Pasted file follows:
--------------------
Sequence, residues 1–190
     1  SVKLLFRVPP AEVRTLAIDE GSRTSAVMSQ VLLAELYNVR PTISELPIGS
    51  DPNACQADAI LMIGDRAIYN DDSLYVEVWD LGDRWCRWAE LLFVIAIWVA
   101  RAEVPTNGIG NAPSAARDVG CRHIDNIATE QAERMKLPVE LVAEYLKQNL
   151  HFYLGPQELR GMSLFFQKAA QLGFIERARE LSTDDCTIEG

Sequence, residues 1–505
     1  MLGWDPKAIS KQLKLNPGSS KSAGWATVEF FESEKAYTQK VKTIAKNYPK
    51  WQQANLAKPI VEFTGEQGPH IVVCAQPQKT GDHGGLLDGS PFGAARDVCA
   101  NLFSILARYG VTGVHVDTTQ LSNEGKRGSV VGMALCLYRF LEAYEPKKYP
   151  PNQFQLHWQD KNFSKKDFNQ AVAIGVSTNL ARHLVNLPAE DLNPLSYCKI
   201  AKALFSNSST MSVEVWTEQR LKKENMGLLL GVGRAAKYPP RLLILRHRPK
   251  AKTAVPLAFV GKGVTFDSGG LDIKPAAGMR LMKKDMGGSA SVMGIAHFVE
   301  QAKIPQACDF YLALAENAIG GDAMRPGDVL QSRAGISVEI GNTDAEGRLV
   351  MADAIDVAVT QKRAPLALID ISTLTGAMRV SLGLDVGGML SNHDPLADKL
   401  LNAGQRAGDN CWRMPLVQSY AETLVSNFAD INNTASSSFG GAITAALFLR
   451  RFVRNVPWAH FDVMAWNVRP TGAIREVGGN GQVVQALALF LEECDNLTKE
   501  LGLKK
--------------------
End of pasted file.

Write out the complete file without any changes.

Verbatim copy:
Sequence, residues 1–190
     1  SVKLLFRVPP AEVRTLAIDE GSRTSAVMSQ VLLAELYNVR PTISELPIGS
    51  DPNACQADAI LMIGDRAIYN DDSLYVEVWD LGDRWCRWAE LLFVIAIWVA
   101  RAEVPTNGIG NAPSAARDVG CRHIDNIATE QAERMKLPVE LVAEYLKQNL
   151  HFYLGPQELR GMSLFFQKAA QLGFIERARE LSTDDCTIEG

Sequence, residues 1–505
     1  MLGWDPKAIS KQLKLNPGSS KSAGWATVEF FESEKAYTQK VKTIAKNYPK
    51  WQQANLAKPI VEFTGEQGPH IVVCAQPQKT GDHGGLLDGS PFGAARDVCA
   101  NLFSILARYG VTGVHVDTTQ LSNEGKRGSV VGMALCLYRF LEAYEPKKYP
   151  PNQFQLHWQD KNFSKKDFNQ AVAIGVSTNL ARHLVNLPAE DLNPLSYCKI
   201  AKALFSNSST MSVEVWTEQR LKKENMGLLL GVGRAAKYPP RLLILRHRPK
   251  AKTAVPLAFV GKGVTFDSGG LDIKPAAGMR LMKKDMGGSA SVMGIAHFVE
   301  QAKIPQACDF YLALAENAIG GDAMRPGDVL QSRAGISVEI GNTDAEGRLV
   351  MADAIDVAVT QKRAPLALID ISTLTGAMRV SLGLDVGGML SNHDPLADKL
   401  LNAGQRAGDN CWRMPLVQSY AETLVSNFAD INNTASSSFG GAITAALFLR
   451  RFVRNVPWAH FDVMAWNVRP TGAIREVGGN GQVVQALALF LEECDNLTKE
   501  LGLKK